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Order of the Arrow

Discussions for OA Members and those interested in Scouting's Honor Society. Also includes a private sub-forum for OA Members only.

Subforums

  1. Western Region

    Sections, Lodges and local discussions

    30
    posts
  2. NOAC

    Been to NOAC? Heading there? Chat about the Order's bi-annual gathering

    151
    posts
  3. Central Region

    Sections, Lodges and local discussions

    136
    posts
  4. Northeast Region

    Sections, Lodges and local discussions

    39
    posts
  5. Southern Region

    Sections, Lodges and local discussion

    141
    posts

538 topics in this forum

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  1. National chief

    • 5 replies
    • 1065 views
    • 14 replies
    • 823 views
  2. OA flag

    • 9 replies
    • 1080 views
    • 6 replies
    • 585 views
    • 9 replies
    • 964 views
    • 22 replies
    • 1873 views
  3. Lodges Merging

    • 7 replies
    • 912 views
    • 5 replies
    • 612 views
  4. Changing the Order

    • 89 replies
    • 4057 views
  5. Lodge Flaps

    • 14 replies
    • 1835 views
    • 10 replies
    • 1034 views
  • LATEST POSTS

    • Sometimes you can help a kid. Sometimes you can't. I always cringe when I read or hear someone say just pair them with a good scout. As the parent of a couple of good scouts who always seem to be paired with a "that kid" who had severe issues, I can say over time this is exceedingly stressful and unfair. If adults can't handle the kid, we shouldn't expect another scout to be able to do so except in short doses. I would also point out that this is also a strategy that schools use, so a mature, capable kind kid like this is frequently stuck with a scout buddy or study buddy who is unpleasant and emotionally draining a lot of the time. Scouts of course should be kind and willing to help out, but we shouldn't turn any scout's experience into drudgery. Adults really need to carefully manage this situation and not abuse the good kids to help the problem kids. No kid's scout experience should be more important than another's. We as adults have to balance that and sometimes that means you may have to say goodbye.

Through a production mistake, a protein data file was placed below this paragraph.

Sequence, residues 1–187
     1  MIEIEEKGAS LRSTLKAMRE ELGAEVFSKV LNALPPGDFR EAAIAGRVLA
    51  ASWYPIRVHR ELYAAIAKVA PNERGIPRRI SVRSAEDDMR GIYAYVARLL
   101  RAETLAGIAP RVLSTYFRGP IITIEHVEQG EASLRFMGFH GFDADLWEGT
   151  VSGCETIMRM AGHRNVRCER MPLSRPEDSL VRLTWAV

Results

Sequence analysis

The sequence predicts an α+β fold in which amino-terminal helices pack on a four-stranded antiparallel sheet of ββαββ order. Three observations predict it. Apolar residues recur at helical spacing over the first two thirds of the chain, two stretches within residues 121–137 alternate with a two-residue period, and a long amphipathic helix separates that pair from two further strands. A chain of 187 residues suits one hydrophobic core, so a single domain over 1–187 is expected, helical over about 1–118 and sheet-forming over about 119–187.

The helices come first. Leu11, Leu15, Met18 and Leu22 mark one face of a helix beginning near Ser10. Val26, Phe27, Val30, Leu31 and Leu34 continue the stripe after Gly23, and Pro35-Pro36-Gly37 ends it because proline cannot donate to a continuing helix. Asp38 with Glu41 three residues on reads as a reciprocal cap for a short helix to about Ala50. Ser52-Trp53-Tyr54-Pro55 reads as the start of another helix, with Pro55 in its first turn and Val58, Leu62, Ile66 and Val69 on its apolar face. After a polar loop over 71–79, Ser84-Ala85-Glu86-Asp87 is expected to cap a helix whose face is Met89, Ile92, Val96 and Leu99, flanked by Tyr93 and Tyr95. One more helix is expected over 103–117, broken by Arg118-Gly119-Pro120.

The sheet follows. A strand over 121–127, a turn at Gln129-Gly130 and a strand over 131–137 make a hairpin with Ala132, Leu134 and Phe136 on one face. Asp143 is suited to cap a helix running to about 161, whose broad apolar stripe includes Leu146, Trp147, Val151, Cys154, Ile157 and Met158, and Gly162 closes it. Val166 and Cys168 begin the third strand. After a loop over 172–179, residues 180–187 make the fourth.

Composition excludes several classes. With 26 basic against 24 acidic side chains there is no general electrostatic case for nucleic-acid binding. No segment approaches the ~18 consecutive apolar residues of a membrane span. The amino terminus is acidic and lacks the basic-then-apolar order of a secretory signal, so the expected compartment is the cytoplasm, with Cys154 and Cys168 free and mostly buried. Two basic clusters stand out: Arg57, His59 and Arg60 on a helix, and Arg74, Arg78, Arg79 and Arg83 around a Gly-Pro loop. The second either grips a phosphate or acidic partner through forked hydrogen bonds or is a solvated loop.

• Yes, I have had to deal with this situation, and there is another obvious way to handle it. Don't take him.
    • That's a good pitch line when doing public fundraising, but in reality, it is absolute nonsense. Father Flanagan was wrong. There are lots of bad boys. Some of them are bad to the core. Some of them are incorrigible and extremely dangerous. Parents expect us to use good judgement and screen out some of those boys. We shouldn't just take everyone.  The Chartered Organization has the right to reject boys who don't meet their standards for participation in the unit. I understand that the Brits don't have CO's. I have no idea who, if anyone, would make that sort of decision on their side of the pond.    
    • While exchange of information isn't quite a simple as presented, there must be something wrong with your Epic build.  I have never experienced any data loss or corruption with Epic. None of the physicians work with keep paper copies of anything.  I am curious what you did about this adult who went down and how you handled the situation differently than if you hadn't known his history.  I am a big advocate for medical alert dog tags that include emergency contacts with all your info. I also never advocated that people can tell you things as you need it but that are things that just don't need to be shared.  I'll give an example.  I have epilepsy.  It is 100% controlled on my medication.  I don't tell people about it because they freak out and if I have a seizure what they really need to know is first aid, not that I have a history of it.  
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